My father is disabled. He's the smartest, handsomest, strongest man I have ever actually known, my first great role model (aside from Mom) and he has rheumatoid arthritis, which is warping his joints and has been making his life a pain in the ass and everything else for several years now. He doesn't look disabled. He looks like a tall, muscular, distinguished man who would otherwise meet any convention of "This is privileged guy".
He isn't. He mows his awesome-looking lawn--and has a lie-down. He washes a car, and it takes a bit out of him. The relentless need he usually has to fiddle with things and make them better sometimes takes a pass....when joints are sore, and the body needs what it needs. A cup of coffee. An analgesic. A little bit of shades drawn-down. A nap, just for this bit. And that kind of looks like what his needs were when he was still working--only he pushed himself to exhaustion to make himself do the things that once came easily--work a full day. Manage pain. Stay useful and do what has to be done.
I don't have my father's sense of "hustle". I'm a slow-starter, and he' s a self-starter. He relearned how to earn a living once he couldn't work by learning how to manage his nest egg and invest well. He, because of the down-time he had because of his disability, was the primary caretaker for his own parents in their twilight, and he also now monitors his elder brother, who had a debiitating stroke. The truth of our human bodies is, we are all mortal, and we all can have something fail.
My knees creek. My neck aches. I worry that I have a predisposition to the condition that is slowly robbing my active father of the activities he had--and in light of this, I realize I might have to do something similar, and plan for when I won't have the strength to do all the not-very-physical things I do. I am fat, but I know I look "abled":. My dad is tall and still has some muscle--he doesn't look the way people think of as "disabled"--but it happens to be true. I think there might be a lot of people who can't do all they could or would--and are very silently disabled. They just can't self-identify or aren't medically-identified because they lack privilege to be identified as having a real disability. And pretty much like my dad would've--they continue on, working out of habit with diminishing physical resources, blaming themselves and thinking they are maybe getting lazy. When the reality is we are mortal and bodies break down.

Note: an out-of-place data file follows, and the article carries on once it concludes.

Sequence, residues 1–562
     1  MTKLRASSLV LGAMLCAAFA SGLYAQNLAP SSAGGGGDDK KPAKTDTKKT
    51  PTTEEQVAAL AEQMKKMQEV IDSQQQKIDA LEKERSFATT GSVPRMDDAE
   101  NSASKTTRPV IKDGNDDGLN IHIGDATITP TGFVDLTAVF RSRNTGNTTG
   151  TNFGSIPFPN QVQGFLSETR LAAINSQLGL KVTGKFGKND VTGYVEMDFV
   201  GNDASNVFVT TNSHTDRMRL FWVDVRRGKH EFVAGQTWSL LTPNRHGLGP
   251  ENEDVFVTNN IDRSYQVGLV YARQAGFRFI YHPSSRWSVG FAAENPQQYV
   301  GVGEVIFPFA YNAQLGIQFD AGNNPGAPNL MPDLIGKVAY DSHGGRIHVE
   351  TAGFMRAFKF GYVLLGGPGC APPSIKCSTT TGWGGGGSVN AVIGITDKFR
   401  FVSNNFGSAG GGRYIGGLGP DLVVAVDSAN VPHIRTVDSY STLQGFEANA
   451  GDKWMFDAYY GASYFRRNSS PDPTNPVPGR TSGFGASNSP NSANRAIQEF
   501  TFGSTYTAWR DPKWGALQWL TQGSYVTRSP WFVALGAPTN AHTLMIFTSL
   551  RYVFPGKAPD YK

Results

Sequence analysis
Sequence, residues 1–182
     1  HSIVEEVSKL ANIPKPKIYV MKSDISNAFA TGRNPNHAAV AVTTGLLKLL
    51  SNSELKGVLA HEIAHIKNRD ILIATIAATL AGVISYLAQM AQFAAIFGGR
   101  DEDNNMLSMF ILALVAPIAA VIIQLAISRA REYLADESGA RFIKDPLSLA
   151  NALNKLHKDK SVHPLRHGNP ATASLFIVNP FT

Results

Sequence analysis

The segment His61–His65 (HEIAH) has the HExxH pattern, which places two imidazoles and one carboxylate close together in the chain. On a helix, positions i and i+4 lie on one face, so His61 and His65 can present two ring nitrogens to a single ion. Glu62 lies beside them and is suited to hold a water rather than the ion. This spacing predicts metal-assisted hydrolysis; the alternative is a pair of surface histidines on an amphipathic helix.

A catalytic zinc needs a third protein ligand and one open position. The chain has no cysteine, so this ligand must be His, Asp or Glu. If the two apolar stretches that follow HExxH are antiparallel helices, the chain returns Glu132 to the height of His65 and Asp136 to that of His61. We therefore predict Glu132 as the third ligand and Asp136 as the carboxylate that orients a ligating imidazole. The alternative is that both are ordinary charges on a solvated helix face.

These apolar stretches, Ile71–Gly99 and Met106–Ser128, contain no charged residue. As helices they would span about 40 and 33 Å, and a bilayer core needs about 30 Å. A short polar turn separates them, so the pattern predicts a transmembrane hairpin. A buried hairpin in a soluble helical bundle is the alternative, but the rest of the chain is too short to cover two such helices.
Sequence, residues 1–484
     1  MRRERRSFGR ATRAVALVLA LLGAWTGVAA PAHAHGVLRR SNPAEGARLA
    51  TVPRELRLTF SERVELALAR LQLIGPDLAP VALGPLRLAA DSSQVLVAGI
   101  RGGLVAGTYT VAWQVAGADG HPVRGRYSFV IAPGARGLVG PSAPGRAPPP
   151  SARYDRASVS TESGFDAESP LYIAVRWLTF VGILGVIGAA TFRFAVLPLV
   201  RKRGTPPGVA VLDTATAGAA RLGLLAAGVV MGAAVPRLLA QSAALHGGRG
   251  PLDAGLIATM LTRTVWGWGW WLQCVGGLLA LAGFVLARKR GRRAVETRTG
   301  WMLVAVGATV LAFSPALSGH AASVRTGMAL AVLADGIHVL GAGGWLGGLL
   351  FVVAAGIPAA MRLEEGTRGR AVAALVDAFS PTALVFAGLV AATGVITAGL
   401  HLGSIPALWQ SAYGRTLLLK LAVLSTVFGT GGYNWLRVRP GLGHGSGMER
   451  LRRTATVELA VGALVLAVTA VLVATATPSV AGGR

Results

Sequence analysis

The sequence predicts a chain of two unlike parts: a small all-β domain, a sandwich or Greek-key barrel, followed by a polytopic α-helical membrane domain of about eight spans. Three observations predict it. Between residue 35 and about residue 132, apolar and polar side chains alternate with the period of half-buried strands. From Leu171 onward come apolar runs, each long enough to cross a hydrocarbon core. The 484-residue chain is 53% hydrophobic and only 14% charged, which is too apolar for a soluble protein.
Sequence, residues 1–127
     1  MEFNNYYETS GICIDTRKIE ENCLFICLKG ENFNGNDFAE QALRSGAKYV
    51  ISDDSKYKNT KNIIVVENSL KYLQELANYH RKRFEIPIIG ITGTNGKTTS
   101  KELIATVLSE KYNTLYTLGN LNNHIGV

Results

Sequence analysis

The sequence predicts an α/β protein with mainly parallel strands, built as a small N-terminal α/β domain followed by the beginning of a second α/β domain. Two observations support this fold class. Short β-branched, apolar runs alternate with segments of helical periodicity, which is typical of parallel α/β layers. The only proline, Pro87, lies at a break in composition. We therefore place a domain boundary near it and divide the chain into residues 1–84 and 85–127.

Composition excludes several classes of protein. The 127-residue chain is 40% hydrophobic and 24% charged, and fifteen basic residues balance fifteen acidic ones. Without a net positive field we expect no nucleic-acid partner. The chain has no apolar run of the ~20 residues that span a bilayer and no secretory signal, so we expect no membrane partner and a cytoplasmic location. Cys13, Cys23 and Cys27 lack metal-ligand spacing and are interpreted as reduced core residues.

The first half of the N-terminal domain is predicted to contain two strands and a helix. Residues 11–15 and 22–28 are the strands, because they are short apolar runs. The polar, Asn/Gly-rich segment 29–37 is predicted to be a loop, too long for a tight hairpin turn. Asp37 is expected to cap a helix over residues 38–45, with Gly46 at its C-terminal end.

I already anticipate that I will cope with disablism. If any of you anticipate living long enough--you will also. I want to do it the way my dad is--making use of the windows of time when he can be engaged, to engage. Also respecting the times when he needs to retreat, nap, fuck it all. He still has fun, he still thinks about the future--he's disabled-not dead.
He's discounted as disabled when he parks amd has to show his papers. He's assumed abled in some situations. He faces indignities because of others' cultural assumptions about the privileges he otherwise would enjoy--except for retiring a bit early, and limping whilst walking the dog. And just like he's been my role model for speaking out and being myself and not accepting bullshit--I want his example of how to be disabled--with dignity and on his own terms, and rigorously engaged in his treatment and willing to try new things even if every treatment has been another indignity because his body isn't easy to placate--to be a model for me, if I find myself disabled. He accepts the realities of his body, to care for it--but also demands his body accept who he has to be. He is my still my role model, not just in how to manage strenghth and a reflexive sense of humor--but how to manage pain, and accepting doing a little less, and thinking a bit more. He's always given me a lot to think about--and I think he always will.
I only love my father more for watching him deal with his condition.I should only hope to do as well myself.